TE 27: Ryan Kulp: A Serial Entrepreneur


Ryan Kulp has been an entrepreneur from the time he could walk. At 10, he was selling popsicles he made by freezing KoolAid. In the 7th Grade, he was kicked out of school for selling fireworks on campus. By his Senior year in High School, he’d left his parents home and was working on his own – making gold tooth grills! 

Just before signing to be a Marine, Ryan was convinced by his parents to accept their help and go to college. While in college at Georgia State University, Ryan interned with several great companies such as Target, Red Bull and Microsoft – while, at the same time, starting two different businesses while a student.

In today’s episode, you’ll learn

  • Lessons of determination & courage.
  • How to try new things.
  • How to determine the value of yourself so others do not give you an inaccurate valuation.
  • The secret of patience. 
  • What a REAL entrepreneur is!



Ryan Kulp seemed to have been born an entrepreneur. He started out at age 10 making and selling popsicles out of Kool-Aid water and selling them at the neighborhood pool. But, the bug wasn’t cured. Later, he started selling candy at school

That entrepreneurial effort landed him in the principle’s office in the seventh grade. That business started off with Christmas candy canes “I pulled them off the tree and I took them to school with me that following January when we got back… word spread around the block, and there I was selling candy canes [out of a Tupperware container] for fifty cents to a dollar.”


Ryan says that memory is so vivid for him because he found a box from an old PalmPilot phone with old papers in it. One of the sheets was a typed piece of paper titled “Candy Cane Income” from 2002. “It said how many candy canes I’d sold, and collected, and what I sold them fore, I tallied, adding numbers… I was practicing price discrimination, and it was really interesting to look at.”

Ryan says that even though he used bad terminology at the time (being only in the seventh grade), he’s confident some of the accounting concepts came from his mother, who has been an accountant his entire life.


Ryan then upgraded his merchandise, “I went from selling candy canes to selling fireworks.”

“I started emptying my book bag of workbooks and those gel pens, and I started selling Black Cats. Just putting explosives in my backpack.”

After becoming “the richest kid in school,” as he describes it, Ryan then got busted by the principle. Or, as Ryan refers to him, “the fed’s.”

“I think I’ll remember that day forever,” Kulp says, “I was in this AutoCAD, fun, art kind of architecture class… making a house on a computer with some 3-D modeling software… then, in come the SRO (School Resource Officer). He’s got a gun, and I think like, ‘I’m already dead.”

He says he already knew, “I was a kid, I was living life on the edge.”

After being kicked out of school for a few days, Ryan says that wasn’t his biggest disappointment in his early entrepreneurial endeavors. “I think the bigger bit of discouragement came from.. my fear of consequences from my parents.” He says the major driving force became the sense of overcoming those “telling me you can’t do whatever.That was kind of fuel for the fire.”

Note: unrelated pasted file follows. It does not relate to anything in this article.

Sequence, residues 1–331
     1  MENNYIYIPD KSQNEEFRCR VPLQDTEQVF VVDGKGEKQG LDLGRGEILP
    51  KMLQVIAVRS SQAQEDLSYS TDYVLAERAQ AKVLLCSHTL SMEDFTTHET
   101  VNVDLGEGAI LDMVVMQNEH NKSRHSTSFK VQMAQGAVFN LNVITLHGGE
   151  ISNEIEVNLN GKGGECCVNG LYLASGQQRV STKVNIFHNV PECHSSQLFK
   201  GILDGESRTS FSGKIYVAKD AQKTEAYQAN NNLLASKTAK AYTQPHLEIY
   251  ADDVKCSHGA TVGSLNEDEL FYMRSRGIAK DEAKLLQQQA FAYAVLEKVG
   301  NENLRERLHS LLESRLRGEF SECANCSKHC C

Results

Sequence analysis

Ryan continued his money-making ways – even using a date with a waitress to make money.

He tells the story of, having lost his driving privileges, at an Atlanta Metro restaurant, when his friends dare him to ask the waitress out. She agrees, and Ryan tells her she’ll have to pick him up.

Before going on the date with her in mid-December, a few weeks after he asked her out, he makes a flyer using a Charlie Brown doodle. “I created this four by four panel of flyers on an 8.5 x 11 page and it said ‘Christmas Tree Removal, $7. Call here.”

“She picked me up,” Ryan tells with pride, “and she drove me around, this was our date, and I sat in the passenger seat, I hung out the window and I just stuck flyers on mailboxes.”

This continued through a number of neighborhoods near where Ryan lived.
“I got a great response,” he says, and I was flooded with calls… my parents just had to relent and give me access to my car again.”

After Christmas 2006, he picked up trees and dropped them off at a fires station.

As for the relationship – “I stopped seeing or hanging out with the girl. So, all in all, it was a good day.”


Teenage Entrepreneur host, Jordan Agolli asks Ryan about high school life and Ryan responds that so much of it was a blur to him. “I didn’t want to go to school,” he says, “I hated school so much that I didn’t have the capacity to see that college would be probably pretty different.”

Ryan says he hated high school because of the juvenile kind of maturity stage of the people in high school.. everyone’s trying to be cool, and everyone wants to fi in. Everyone wants to be unique.”
Yet, he says, “it’s a lot of kids who don’t feel comfortable in their own skin. And everyone is kind of serving two masters…. demanding parents and teachers.”


In May 2008, Ryan graduated high school and started a new, quite unusual, business endeavor – making gold grills for customers.

“March 2008 was my 18th birthday, and I moved out of my parent’s house on that day.” Living in a friend’s basement, “skipped a lot of school senior year… graduated in May, that was the fist time I saw my parents in a few months even though they lived a little down the street.”

After graduating, he says, “I didn’t have any prospects… I wanted to do something a little bit different, so I started making grills.”

He would make grills out of white gold for people who would send molds of their teeth, and create custom ordered golden mouthpieces for customers. “I did that for several months,” he says, “making grills, dripping off FedEx overnight packages.”